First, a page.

What of this humility?
Often times, especially in church, we talk about humility. Everyone needs more humility. It is the only safeguard against a great fall from arrogance.
Well, this blog has nothing against humility at all. In fact, humility is encouraged. It keeps you from swelling up too big for your own good. It helps keep smoke from filling your mind and causing delusions of “I got this… peace of cake” mindset setting in.
Faked smallness is concealed arrogance
The problem really is that some will fake humility. Fake being small. They don’t want folks to see that they think they have it all under control.
“Oh no… it’s not me… I don’t know how I did that”
“Oh this old thing… I just threw it on, didn’t know if it’d look good” meanwhile, the tags are still on it for a quick return afterward
“My, I must have been lucky, had no idea how I’d pull this off” but they’ve worked long hours and kept everyone updated on social media of their progress to this great performance
It is perfectly OK to say thank you for a compliment. That is more humble than deflecting with fake humility. Sure, that’s what is taught, but doesn’t mean it’s the right way…
Accept praise with a thanks, and keep it moving. That’s humility. Oh and yes, it’s cool to give credit to God… provided you’re not using that credit to conceal any arrogance.
Important side note. Giving thanks to God and also accepting your part in your skill development is not arrogance. Many would benefit from your willingness to share the steps you took to get your skills. That is actually teaching others what God has taught you. An even higher praise to Him. So, don’t deny others access to valuable information in an effort to appear humble.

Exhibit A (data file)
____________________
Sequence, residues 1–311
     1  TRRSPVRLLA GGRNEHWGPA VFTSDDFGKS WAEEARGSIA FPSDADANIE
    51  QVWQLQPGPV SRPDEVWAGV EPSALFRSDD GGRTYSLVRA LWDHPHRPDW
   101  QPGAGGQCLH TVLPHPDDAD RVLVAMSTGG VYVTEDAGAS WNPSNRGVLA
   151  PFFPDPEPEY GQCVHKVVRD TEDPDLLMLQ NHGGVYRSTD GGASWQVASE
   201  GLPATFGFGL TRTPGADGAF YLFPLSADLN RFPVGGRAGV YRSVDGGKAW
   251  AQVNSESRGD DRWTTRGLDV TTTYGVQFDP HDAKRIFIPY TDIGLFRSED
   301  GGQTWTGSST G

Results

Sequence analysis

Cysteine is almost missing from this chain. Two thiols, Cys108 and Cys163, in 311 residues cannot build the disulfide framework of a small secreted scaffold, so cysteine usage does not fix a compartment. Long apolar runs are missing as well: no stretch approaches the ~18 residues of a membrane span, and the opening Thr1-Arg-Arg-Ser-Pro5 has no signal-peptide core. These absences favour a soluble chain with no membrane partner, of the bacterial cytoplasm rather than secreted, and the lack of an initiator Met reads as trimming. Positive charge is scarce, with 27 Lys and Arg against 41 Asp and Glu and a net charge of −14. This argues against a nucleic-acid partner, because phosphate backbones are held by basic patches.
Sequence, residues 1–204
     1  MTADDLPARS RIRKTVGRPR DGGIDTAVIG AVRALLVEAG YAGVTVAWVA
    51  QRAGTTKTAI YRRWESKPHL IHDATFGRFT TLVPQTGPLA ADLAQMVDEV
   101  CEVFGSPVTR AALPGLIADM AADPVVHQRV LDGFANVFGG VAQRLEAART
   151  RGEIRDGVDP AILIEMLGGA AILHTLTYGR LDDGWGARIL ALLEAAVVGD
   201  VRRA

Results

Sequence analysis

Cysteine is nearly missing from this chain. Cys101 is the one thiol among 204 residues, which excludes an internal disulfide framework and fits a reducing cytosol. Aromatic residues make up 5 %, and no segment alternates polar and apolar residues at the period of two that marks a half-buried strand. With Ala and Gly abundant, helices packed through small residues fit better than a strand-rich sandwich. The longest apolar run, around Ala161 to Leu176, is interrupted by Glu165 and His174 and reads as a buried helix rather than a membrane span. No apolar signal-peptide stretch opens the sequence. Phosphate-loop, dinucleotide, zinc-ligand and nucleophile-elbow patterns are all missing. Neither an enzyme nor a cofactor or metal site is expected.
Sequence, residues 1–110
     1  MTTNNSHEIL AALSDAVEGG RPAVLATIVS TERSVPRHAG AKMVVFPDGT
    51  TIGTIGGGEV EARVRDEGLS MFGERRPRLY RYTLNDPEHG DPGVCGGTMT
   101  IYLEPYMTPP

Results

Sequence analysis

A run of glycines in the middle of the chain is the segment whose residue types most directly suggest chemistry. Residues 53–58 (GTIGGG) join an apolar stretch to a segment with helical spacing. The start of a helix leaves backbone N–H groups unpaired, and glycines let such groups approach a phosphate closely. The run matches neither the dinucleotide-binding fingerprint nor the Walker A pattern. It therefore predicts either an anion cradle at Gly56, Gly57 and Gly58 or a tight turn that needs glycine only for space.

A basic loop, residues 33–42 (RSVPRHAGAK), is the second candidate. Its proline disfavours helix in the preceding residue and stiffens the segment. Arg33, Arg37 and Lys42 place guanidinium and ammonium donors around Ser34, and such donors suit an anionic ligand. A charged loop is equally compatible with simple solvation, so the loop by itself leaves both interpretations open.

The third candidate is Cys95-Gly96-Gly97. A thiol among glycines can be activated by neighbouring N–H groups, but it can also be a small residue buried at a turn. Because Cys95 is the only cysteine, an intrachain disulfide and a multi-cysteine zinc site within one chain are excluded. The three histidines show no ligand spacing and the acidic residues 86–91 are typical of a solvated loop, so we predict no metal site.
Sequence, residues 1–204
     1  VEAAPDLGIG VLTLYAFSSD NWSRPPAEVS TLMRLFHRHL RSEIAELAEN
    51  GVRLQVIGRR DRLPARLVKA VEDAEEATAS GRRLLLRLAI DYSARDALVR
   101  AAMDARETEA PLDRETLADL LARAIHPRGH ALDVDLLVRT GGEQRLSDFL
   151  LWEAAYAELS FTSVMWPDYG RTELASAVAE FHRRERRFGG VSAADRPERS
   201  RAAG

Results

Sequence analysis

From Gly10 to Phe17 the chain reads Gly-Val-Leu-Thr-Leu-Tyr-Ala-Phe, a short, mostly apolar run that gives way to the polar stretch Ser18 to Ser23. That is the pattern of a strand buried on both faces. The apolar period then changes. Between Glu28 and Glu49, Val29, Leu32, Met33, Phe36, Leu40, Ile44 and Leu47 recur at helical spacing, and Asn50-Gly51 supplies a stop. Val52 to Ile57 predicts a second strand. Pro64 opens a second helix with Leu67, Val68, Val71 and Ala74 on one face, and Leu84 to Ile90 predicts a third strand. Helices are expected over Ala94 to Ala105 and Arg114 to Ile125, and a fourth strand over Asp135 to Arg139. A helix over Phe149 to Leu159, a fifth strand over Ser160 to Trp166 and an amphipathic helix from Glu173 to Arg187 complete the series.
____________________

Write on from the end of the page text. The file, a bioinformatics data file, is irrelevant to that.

Low self esteem is not humility
Nothing about low self esteem is very helpful to the person with it or those around that person affected by it. The worse is when that is viewed and praised as humility.
That’s a problem many churches won’t address. It sounds good. That denial of self, that avoiding credit, that constant doubt of one’s ability. It sounds godly but it isn’t.
Short version… stop it already! It’s not only off-putting, but it is a very bad testimony of what God would like to do with you. I will go so far to say… that version of fake humility could well be standing in your way of blessings.
wait… what?… How…?
“I don’t deserve… I couldn’t have without the Lord… I’m not worthy… It really wasn’t me… it was so-and-so really… I had nothing to do wit this” While that is not always a bad thing, when it originates from one with low self esteem, the other half of the coin is often forgotten about.
The half that goes like this “I can’t do, because I don’t know… I really shouldn’t… as I’m sure I’ll mess things up if God doesn’t save me…” Yeah.. That lack of confidence talk. That lack of faith walking. That paralysis in front of challenges. Yeah, you! Stop that low self esteem looking fake humility!
let’s not talk about how that is preventing many from finding a life partner or going for a raise/promotion… or pursuing higher education…etc
taking away power from others by faux modesty
That weak stance of apologizing for being yourself is really a disservice to others. Many won’t learn from your abilities because you’re denying your abilities. We’ve talked about that already above.
The most damaging aspects come when others learn from your example to deny their abilities. When one denies one’s abilities… the motivation to improve said abilities goes away, the incentives aren’t there, and that ability will eventually stagnate.
Faux modesty’s ripple effect is to lower the average ability of a community, because everyone is too busy denying abilities instead of nurturing, cultivating, nourishing, and encouraging abilities in self and others. how can you coach someone if you deny you have something worth coaching with?
ready for the conclusion? Me too… on the final short page
2 thoughts on “Apologize for being hot? I think not!”
Excellent! Timely! Thanks for your insight
On Mon, Mar 20, 2017 at 3:24 AM Through One Lens wrote:
> thoughtjones posted: “Wait, Apologize for being hot? I think not! “You > shouldn’t go around looking this good, it is not healthy, and it’s > distracting” she told the young man. He was not sure what to make of this > rather odd compliment, he was just coming to church to have a pr” >
You’re very welcome. Glad to have shared this after much meditation on the subject this weekend. Have a blessed week also